Flaunting a diamonds-and-furs lifestyle and abetted by gossip columnists and tabloid headline writers, Zsa Zsa Gabor was the first to forge a career being famous for being famous.
LOS ANGELES — The best known of three glamorous sisters from Hungary, actress Zsa Zsa Gabor pioneered a modern version of celebrity — she was famous for being famous.
With the advent of television talk shows, Miss Gabor became a frequent guest as early as the 1950s, charming audiences with her fractured English and slightly risqué jokes about her reputation as an oft-married seductress fond of men and money.
“Husbands are like fires. They go out if unattended,” she would say.
Her nine marriages and reputation for shaving years off her age made her a pop-culture punch line. When entertainer Bob Hope joked, “You can calculate Zsa Zsa Gabor’s age by the rings on her fingers,” it only cemented her fame.
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Miss Gabor died Sunday of heart failure in her Bel Air mansion, according to her publicist, Edward Lozzi. She was 99.
The last surviving Gabor sister, she had been in declining health after being seriously injured in 2002 when the Rolls-Royce convertible in which she was riding, with her hairdresser at the wheel, jumped a curb on Sunset Boulevard in West Hollywood and struck a light pole. The accident left Miss Gabor partially paralyzed.
She had been in and out of the hospital since breaking her hip in 2010 and having most of her right leg amputated in early 2011 after developing an infection following hip-replacement surgery.
Although her personal life grabbed the headlines, Miss Gabor did build an acting career. One of her finest film roles came early in her career when she portrayed Henri Toulouse-Lautrec’s model in 1952’s “Moulin Rouge.” In directing her, John Huston reportedly said: “Zsa Zsa, forget about acting. Just make love to the camera.”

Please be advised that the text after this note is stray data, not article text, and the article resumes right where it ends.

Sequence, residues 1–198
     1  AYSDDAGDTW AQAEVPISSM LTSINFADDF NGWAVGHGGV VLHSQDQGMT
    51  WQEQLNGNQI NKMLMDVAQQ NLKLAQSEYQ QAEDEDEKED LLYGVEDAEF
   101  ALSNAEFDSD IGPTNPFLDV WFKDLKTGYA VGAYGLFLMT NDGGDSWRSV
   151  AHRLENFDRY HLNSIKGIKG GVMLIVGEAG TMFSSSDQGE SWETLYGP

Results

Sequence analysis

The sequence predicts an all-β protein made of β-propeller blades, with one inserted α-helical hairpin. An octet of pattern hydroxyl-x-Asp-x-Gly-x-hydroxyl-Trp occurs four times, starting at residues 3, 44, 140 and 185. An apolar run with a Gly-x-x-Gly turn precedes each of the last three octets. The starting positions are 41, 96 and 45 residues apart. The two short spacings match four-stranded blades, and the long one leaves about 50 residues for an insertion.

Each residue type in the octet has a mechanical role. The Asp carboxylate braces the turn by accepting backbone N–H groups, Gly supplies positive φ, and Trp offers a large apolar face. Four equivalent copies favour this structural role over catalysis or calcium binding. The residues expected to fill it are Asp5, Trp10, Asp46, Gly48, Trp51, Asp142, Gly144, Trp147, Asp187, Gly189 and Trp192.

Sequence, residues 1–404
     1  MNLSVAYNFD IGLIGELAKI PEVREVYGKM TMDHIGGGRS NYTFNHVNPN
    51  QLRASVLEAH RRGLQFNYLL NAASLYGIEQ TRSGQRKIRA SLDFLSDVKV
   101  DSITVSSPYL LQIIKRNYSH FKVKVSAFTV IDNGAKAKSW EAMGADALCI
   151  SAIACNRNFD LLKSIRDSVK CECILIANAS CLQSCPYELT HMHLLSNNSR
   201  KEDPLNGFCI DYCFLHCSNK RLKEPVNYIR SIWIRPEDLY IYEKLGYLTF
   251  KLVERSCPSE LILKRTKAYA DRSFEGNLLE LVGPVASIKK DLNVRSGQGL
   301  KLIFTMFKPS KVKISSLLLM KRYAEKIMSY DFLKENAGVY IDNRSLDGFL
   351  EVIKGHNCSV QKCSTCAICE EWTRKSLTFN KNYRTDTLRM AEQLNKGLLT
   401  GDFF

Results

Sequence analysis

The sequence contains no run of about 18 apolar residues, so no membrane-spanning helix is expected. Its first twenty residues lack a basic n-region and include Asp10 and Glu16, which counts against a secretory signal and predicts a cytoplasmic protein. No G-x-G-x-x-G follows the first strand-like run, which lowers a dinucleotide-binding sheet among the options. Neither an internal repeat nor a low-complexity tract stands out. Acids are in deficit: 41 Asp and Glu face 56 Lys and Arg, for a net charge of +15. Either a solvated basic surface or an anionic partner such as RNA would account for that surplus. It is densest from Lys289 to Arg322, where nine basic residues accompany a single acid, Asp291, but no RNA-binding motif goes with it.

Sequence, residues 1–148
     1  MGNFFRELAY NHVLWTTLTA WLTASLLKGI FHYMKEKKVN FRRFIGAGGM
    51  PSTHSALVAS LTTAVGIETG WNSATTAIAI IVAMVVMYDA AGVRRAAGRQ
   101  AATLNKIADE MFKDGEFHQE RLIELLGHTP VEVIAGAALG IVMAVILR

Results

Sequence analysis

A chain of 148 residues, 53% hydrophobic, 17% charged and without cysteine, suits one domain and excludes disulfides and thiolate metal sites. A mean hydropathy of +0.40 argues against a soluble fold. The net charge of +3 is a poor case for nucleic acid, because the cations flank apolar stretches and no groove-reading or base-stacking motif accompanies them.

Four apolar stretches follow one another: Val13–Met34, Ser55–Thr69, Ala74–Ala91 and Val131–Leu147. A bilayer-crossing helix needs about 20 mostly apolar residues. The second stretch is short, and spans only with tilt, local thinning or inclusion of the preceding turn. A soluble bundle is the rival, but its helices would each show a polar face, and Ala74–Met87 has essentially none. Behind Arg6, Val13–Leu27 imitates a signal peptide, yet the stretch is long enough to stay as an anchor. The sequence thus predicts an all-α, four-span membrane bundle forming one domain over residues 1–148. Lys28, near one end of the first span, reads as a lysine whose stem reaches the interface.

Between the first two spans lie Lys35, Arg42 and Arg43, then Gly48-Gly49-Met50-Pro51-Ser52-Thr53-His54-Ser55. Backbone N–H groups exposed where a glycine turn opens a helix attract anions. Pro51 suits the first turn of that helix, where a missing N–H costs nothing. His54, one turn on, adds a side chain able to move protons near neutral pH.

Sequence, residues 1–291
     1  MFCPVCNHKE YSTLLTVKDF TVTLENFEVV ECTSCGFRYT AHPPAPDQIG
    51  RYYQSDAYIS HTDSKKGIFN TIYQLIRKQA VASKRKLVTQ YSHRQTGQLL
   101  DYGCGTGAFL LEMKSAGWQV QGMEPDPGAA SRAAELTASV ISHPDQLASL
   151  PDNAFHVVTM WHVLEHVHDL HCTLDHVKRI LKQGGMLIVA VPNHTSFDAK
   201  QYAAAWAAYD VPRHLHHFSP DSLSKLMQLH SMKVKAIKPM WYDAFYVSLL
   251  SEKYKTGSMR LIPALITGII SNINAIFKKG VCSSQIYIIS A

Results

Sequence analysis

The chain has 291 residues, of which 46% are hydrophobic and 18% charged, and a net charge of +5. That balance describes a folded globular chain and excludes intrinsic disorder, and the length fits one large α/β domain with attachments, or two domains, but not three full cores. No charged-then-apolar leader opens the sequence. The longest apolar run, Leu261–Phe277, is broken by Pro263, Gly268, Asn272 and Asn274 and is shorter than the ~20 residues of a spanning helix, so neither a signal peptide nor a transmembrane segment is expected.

Miss Gabor later told a biographer: “Now, I knew very little about acting but a great deal about making love. It worked.”
In 1958 she made an impression as a strip-club owner in the Orson Welles cult classic “Touch of Evil” and appeared in the campy “Queen of Outer Space,” one of her many more forgettable movies. She acted in at least 30 films.
By the 1970s, Miss Gabor had begun turning down the smaller parts that came her way but would occasionally appear on TV and in movies. She made appearances on talk shows, and on game shows as a panelist, into the 1990s.
To Miss Gabor, everyone was “dahlink,” an endearment that entered the vernacular of mid-20th century America. She was a celebrity of the old school who believed in glamour. She once said of today’s actresses, “When you see them in real life, they look like nothing.” Not so with Miss Gabor, who flaunted her jewels and furs.
She turned her celebrity into a commodity, mining her own reputation for one-liners. “I am a marvelous housekeeper. Every time I leave a man I keep his house,” she might say, or “There is nothing wrong with a woman encouraging a man’s advances, as long as they are in cash.”